When using an RTOS like FreeRTOS, sooner or later you have to ask the question: how much time is spent in each task? The Eclipse based MCUXpresso IDE has a nice view showing exactly this kind of information:
FreeRTOS Runtime Information
For FreeRTOS (or that Task List view) to show that very useful information, the developer has to provide a helping hand so the RTOS can collect this information. This article shows how this can be done on an ARM Cortex-M.
For this last blog in the series Investigating ARM Cortex® M33 core I decided to explore the expansion features of the LPC55S69-EVK. This board has three expansion ports (PMOD, Arduino Duo, Mikroe click) and I picked the Mikroe expansion port. Why? Only because I had good experience with these boards with the Hexiwear project.
And because I have been doing some work this month with AWS IOT I wanted to get my LPC55S69-EVK onto my office WiFi network for the Christmas holidays. I know that the MCUXpresso SDK for lpcxpresso55s69 version 2.6.3 has a built-in WiFi example named qca_demo, and so that is what I am investigating today.
That WiFi example supports three WiFi shield boards, and I picked the Mikroe WiFi 10 click board. It’s part number MIKROE-3432 and available from all of the usual catalogue distributors.
In last week’s blog I explained that the LPC55S69 microcontroller from NXP has two Cortex® M33 cores, named core0 and core1. There was a lot of theory, and so this week I put it all into practice and show you how to debug 2 cores with MCUXpresso IDE.
Throughout this series I’ve been using the LPC55S69 microcontroller from NXP as a platform to investigate the ARM Cortex® M33 core. NXP designed the LPC55S69 with two Cortex M33 cores and so this week I’m investigating these in more detail.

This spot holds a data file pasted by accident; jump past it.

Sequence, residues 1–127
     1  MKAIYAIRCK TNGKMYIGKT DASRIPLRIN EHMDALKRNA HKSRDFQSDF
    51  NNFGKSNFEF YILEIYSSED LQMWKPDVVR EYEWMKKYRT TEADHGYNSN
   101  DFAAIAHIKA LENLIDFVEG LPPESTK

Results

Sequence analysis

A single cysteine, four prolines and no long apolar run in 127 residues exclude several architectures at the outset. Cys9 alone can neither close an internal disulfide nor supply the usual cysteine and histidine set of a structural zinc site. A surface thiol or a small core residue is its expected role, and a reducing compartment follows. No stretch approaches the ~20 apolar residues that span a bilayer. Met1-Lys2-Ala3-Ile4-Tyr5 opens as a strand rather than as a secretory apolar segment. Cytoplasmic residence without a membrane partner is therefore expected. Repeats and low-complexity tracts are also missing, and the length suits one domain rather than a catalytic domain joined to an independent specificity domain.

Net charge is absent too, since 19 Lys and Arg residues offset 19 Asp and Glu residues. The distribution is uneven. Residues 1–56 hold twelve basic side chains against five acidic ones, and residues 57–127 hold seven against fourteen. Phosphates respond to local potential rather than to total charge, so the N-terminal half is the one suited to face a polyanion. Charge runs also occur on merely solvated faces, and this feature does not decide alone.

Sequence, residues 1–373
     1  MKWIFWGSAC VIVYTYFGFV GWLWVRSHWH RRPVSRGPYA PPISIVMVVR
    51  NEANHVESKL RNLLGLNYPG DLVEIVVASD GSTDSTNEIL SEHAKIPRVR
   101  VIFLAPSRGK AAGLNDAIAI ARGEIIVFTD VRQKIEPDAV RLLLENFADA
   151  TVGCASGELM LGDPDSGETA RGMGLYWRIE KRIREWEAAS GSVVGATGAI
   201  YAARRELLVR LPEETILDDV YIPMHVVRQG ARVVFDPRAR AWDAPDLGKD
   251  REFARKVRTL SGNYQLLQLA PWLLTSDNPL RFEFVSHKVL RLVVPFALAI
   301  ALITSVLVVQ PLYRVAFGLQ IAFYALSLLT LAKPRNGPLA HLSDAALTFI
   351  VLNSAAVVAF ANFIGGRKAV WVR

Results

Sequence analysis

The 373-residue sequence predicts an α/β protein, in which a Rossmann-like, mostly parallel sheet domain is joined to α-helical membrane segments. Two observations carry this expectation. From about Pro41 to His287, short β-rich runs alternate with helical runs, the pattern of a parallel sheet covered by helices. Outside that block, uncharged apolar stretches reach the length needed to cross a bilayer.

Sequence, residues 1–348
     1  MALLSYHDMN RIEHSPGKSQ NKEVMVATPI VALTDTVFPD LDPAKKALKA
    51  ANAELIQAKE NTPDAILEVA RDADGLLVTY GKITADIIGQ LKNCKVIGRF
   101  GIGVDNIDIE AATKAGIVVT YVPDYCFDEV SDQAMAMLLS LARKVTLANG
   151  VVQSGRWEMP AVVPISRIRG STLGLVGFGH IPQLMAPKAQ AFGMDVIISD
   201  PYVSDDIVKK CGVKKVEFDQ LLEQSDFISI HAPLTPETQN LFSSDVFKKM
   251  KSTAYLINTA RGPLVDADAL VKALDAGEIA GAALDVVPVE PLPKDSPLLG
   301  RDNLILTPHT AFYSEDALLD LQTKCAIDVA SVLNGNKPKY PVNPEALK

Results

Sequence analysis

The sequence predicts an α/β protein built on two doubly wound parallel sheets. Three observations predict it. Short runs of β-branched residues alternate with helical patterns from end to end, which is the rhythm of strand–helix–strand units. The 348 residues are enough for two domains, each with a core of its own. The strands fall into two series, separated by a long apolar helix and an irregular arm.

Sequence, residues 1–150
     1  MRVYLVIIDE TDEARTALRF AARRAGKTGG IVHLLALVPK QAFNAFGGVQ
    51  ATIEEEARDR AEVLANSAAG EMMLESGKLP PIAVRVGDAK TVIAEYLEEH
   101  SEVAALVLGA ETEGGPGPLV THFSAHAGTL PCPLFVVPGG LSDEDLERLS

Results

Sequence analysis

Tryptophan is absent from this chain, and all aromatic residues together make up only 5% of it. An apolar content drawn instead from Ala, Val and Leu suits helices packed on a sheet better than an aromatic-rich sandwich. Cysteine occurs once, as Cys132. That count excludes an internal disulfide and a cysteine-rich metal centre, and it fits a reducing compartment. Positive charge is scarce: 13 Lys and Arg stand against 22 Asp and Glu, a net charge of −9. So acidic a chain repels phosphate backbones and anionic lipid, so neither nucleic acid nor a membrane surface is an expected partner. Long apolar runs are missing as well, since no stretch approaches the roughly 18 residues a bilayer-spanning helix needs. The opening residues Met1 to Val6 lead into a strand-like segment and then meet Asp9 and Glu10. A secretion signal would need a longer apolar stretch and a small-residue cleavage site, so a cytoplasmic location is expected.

You’ll remember that when ARM launch a processor core it will have a number of optional features. This is shown very clearly on the LPC55S69. The 150 MHz primary core – cpu0 – is a full implementation of Cortex® M33 and includes the optional components FPU, MPU, DSP, ITM and the TrustZone® features.
I’ve always felt that the Fourier Transform (and in particular the embedded implementation Fast Fourier Transform) is the GOAT* of the DSP algorithms. The ability to convert a time-domain signal into a frequency-domain signal is invaluable in applications as diverse as audio processing, medical electrocardiographs (ECGs) and speech recognition.
So this week I’ll show you how to use the Transform engine in the PowerQuad on LPC55S69 to calculate a 512-point FFT. All of the difficult steps are very easily managed and the PowerQuad does all of the very heavy lifting.